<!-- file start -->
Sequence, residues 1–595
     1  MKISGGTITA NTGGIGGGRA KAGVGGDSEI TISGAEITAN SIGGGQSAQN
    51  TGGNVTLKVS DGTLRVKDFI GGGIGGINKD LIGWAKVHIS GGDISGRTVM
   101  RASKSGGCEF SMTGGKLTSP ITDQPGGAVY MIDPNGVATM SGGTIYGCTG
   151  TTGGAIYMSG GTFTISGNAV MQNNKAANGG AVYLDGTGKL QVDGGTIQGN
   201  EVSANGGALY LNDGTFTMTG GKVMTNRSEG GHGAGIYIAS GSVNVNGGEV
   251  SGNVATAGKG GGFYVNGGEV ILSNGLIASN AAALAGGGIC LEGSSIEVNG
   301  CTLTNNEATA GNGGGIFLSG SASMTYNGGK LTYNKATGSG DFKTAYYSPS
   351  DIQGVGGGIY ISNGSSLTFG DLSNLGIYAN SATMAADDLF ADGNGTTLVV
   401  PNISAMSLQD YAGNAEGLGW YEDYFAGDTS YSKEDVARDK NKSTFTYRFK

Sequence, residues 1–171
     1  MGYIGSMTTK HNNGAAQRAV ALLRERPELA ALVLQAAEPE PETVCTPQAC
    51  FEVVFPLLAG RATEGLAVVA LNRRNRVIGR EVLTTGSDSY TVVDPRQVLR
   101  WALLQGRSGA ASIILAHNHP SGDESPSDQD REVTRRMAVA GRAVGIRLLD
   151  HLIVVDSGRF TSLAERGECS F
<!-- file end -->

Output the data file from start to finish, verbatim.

Sequence, residues 1–595
     1  MKISGGTITA NTGGIGGGRA KAGVGGDSEI TISGAEITAN SIGGGQSAQN
    51  TGGNVTLKVS DGTLRVKDFI GGGIGGINKD LIGWAKVHIS GGDISGRTVM
   101  RASKSGGCEF SMTGGKLTSP ITDQPGGAVY MIDPNGVATM SGGTIYGCTG
   151  TTGGAIYMSG GTFTISGNAV MQNNKAANGG AVYLDGTGKL QVDGGTIQGN
   201  EVSANGGALY LNDGTFTMTG GKVMTNRSEG GHGAGIYIAS GSVNVNGGEV
   251  SGNVATAGKG GGFYVNGGEV ILSNGLIASN AAALAGGGIC LEGSSIEVNG
   301  CTLTNNEATA GNGGGIFLSG SASMTYNGGK LTYNKATGSG DFKTAYYSPS
   351  DIQGVGGGIY ISNGSSLTFG DLSNLGIYAN SATMAADDLF ADGNGTTLVV
   401  PNISAMSLQD YAGNAEGLGW YEDYFAGDTS YSKEDVARDK NKSTFTYRFK

Sequence, residues 1–171
     1  MGYIGSMTTK HNNGAAQRAV ALLRERPELA ALVLQAAEPE PETVCTPQAC
    51  FEVVFPLLAG RATEGLAVVA LNRRNRVIGR EVLTTGSDSY TVVDPRQVLR
   101  WALLQGRSGA ASIILAHNHP SGDESPSDQD REVTRRMAVA GRAVGIRLLD
   151  HLIVVDSGRF TSLAERGECS F